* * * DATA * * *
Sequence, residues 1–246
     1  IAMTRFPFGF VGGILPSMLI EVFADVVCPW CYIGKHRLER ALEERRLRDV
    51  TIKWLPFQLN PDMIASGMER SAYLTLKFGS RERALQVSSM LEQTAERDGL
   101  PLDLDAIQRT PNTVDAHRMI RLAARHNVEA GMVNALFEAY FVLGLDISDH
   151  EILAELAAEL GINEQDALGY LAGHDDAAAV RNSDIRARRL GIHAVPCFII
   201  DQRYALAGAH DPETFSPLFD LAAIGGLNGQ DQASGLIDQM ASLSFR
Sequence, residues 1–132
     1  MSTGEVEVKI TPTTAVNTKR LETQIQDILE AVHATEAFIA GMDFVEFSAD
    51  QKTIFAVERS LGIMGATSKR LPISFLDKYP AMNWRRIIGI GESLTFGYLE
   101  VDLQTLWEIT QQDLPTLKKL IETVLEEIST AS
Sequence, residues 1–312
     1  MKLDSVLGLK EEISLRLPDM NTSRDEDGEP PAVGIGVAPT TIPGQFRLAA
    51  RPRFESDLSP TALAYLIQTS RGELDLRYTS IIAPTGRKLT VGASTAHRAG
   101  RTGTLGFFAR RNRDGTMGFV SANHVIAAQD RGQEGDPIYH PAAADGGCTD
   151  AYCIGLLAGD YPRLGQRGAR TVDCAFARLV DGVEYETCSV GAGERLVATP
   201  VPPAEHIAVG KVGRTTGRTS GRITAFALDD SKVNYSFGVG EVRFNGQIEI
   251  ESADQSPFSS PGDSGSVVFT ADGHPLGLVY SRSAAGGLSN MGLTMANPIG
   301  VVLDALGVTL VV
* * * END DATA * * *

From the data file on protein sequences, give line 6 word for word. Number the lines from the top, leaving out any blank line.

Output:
   201  DQRYALAGAH DPETFSPLFD LAAIGGLNGQ DQASGLIDQM ASLSFR